Home/EU
(including Islands)
£11,940£2,933£14,873
Overseas£18,770£2,933£21,703

Part-time study

Fee status

Tuition fee

College fee

Total annual fees

Home/EU
(including Islands)
£5,970£1,467£7,437
Overseas£9,385£1,467£10,852

The fees shown above are the annual tuition and college fees for this course for entry in the 2016-17 academic year; for courses lasting longer than one year, please be aware that fees will usually increase annually. For details, please see our guidance on likely increases to fees and charges.

Tuition and college fees are payable each year for the duration of your fee liability (your fee liability is the length of time for which you are required to pay tuition and college fees).

For more information about tuition fees, college fees and fee liability, please see the Fees section of the website.

Additional information

Full-time study

There are no compulsory elements of this course that entail additional costs beyond fees and living costs.  However, as part of your course requirements, you may need to choose a dissertation, a project or a thesis topic. Please note that, depending on your choice of topic and the research required to complete it, you may incur additional expenses, such as travel expenses, research expenses, and field trips. You will need to meet these additional costs, although you may be able to apply for small grants from your department and/or college to help you cover some of these expenses.

Part-time study

Please note that this course requires that you attend in Oxford for teaching, and you may incur additional travel and accommodation expenses for this. Further, as part of your course requirements, you may need to choose a dissertation, a project or a thesis topic. Depending on your choice of topic and the research required to complete it, you may incur additional expenses, such as travel expenses, research expenses, and field trips. You will need to meet these additional costs, although you may be able to apply for small grants from your department and/or college to help you cover some of these expenses.

Employment

Whilst many graduate students do undertake employment to support their studies, please remember that for students on the full-time arrangement of the OII's MSc course it is not recommended that students take on even part-time employment during term-time.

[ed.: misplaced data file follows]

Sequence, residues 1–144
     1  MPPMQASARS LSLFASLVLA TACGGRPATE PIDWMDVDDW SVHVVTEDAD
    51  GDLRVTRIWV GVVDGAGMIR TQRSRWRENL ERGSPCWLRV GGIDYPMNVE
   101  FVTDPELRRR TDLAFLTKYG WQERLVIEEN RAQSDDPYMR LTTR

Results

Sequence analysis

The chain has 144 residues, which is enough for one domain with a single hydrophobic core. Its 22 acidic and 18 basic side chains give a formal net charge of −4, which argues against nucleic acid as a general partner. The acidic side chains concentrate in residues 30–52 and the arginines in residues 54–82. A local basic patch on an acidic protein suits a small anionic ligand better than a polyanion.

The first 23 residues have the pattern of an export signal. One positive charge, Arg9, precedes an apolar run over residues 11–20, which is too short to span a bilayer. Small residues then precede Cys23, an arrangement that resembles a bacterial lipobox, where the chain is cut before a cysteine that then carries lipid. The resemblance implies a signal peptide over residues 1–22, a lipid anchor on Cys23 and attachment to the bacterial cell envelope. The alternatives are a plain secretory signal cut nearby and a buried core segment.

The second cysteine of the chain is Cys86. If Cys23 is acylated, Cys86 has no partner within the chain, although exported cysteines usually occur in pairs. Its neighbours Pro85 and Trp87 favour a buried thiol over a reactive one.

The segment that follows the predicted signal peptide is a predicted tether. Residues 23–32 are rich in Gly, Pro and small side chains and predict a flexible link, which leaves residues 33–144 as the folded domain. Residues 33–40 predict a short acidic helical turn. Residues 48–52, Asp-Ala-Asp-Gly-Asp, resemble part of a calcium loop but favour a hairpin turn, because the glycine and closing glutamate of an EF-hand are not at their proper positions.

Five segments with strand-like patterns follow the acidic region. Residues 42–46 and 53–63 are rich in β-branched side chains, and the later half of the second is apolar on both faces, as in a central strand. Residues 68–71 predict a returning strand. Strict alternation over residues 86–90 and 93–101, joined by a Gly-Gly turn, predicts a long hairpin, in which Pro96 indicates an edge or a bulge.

Within these limitations, some of the OII's existing MSc students have been employed on a short-term basis as Research Assistants on grant-funded projects, but only with the agreement of their supervisor, the MSc Course Convener and the Director of Graduate Studies.

Part-time students will often have jobs outside their studies at Oxford; part-time graduate students should ensure that any paid work does not interfere with the commitment of time required for their course, and that they have spoken with their employer to ensure that any study leave requirements may be accommodated.

For full information on employment whilst on course, please see the University's Paid work guidelines.

Living costs

In addition to your tuition and college fees, you will need to ensure that you have adequate funds to support your living costs for the duration of your course.

For the 2016-17 academic year, the range of likely living costs is between £970 and £1433 for each month spent in Oxford. Full information, including a breakdown of likely living costs in Oxford for items such as food, accommodation and study costs, is available on our Living costs page.

The standard set of materials you should send with any application to a taught course comprises:

  • a personal statement, 500 words in length
  • a CV/résumé
  • three references
  • official transcripts detailing your university-level qualifications and marks to date
  • one relevant academic essay or other writing sample from their most recent qualification of 2,000 words, or a 2,000-word extract of longer work.

Applicants who have not previously written on areas closely related to the social science of the Internet may provide written work on any topic that best demonstrates their abilities.